History

The LOCKSS Program is a library-led program initiated in 1999 at the Stanford University Libraries in order to support the library community in an increasingly digital age with an inexpensive, technologically robust way to safeguard and control its digital assets.

The LOCKSS Program alpha test ran through 2000, and an early beta version was successfully deployed to 50 libraries worldwide from 2000 to 2002 and ran at these sites with little operator intervention for nearly a year. In 2002, Stanford LOCKSS Program staff began to build and test production software. From 2002 through mid-2004, this team, along with library staff from Emory University, Indiana University and the New York Public Library, addressed a large number of questions surrounding collection development, collection management and collection access. The LOCKSS system was released into production in April 2004.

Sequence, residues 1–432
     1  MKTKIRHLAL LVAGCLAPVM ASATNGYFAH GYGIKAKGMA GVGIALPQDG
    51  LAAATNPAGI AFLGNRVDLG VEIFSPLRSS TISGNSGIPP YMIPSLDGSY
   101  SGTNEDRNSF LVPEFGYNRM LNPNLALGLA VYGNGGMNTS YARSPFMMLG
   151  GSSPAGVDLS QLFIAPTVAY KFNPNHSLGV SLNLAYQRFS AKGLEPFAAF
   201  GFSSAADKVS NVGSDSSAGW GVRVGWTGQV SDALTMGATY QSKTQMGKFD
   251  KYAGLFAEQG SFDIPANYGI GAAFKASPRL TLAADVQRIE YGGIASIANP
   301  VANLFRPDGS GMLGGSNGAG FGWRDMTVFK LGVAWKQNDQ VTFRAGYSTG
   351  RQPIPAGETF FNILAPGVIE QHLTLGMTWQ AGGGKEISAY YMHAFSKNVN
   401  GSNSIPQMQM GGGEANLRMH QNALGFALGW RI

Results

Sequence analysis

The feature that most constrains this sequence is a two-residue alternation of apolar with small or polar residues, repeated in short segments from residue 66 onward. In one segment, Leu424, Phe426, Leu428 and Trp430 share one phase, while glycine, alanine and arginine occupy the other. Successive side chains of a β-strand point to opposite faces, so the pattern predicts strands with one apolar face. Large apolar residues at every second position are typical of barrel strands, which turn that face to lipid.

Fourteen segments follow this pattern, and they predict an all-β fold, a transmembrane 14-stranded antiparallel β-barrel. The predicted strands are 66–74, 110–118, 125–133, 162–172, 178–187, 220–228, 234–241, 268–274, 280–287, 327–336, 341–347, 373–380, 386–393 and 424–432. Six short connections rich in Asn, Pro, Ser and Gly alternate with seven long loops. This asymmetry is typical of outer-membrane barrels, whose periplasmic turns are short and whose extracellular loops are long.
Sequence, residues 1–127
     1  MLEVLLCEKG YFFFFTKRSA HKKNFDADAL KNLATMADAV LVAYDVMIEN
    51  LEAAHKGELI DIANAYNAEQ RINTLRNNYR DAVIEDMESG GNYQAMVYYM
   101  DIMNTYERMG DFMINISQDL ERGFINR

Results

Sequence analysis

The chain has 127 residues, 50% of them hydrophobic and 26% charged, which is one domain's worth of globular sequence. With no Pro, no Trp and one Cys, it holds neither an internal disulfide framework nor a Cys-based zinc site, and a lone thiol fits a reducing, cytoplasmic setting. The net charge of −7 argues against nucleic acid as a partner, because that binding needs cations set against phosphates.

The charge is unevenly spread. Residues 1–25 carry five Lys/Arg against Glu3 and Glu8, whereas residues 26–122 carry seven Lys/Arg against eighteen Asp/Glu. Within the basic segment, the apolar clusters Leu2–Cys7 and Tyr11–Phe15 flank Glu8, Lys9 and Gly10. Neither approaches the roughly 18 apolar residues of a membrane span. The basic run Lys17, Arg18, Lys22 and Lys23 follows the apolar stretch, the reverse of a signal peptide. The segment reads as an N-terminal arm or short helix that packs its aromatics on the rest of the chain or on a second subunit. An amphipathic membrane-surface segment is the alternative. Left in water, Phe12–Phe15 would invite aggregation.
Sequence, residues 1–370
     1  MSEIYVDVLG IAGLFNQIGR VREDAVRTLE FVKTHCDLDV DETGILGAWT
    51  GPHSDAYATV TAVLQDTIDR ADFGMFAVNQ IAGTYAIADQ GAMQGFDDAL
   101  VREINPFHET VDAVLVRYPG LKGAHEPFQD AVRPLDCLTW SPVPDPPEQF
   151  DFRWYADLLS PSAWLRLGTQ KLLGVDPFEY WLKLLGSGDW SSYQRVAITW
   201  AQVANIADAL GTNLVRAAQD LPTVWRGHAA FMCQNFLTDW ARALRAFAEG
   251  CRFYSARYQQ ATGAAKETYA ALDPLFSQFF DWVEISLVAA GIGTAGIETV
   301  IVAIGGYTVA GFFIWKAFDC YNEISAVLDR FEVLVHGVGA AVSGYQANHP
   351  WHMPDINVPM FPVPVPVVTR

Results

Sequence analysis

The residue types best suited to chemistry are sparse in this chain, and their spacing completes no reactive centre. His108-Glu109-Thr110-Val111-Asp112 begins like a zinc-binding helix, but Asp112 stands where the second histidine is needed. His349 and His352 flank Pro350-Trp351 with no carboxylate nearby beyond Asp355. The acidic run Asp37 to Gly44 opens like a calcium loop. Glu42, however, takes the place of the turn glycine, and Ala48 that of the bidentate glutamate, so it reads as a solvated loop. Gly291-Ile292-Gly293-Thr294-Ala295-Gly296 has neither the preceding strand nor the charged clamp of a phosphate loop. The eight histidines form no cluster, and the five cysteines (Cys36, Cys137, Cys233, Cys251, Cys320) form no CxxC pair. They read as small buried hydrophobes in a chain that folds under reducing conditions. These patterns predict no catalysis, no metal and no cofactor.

The LOCKSS Program has received major funding from:

  • Andrew W. Mellon Foundation
  • National Science Foundation
  • Library of Congress

It has also received additional funding and in-kind support from:

  • The UK’s Joint Information Systems Committee (JISC)
  • Sun Microsystems
  • HP Labs
  • Intel Research Berkeley
  • Stanford University Libraries and Academic Information Resources
  • Stanford Computer Science Department
  • Harvard Computer Science Department

This program is now largely funded by contributions from libraries participating in the LOCKSS Alliance.

When the LOCKSS Program was in its sixth year, Chris Dobson wrote an article about its early history, The Story Of LOCKSS Searcher 11 (2):50-53, February 2003 (from publisher).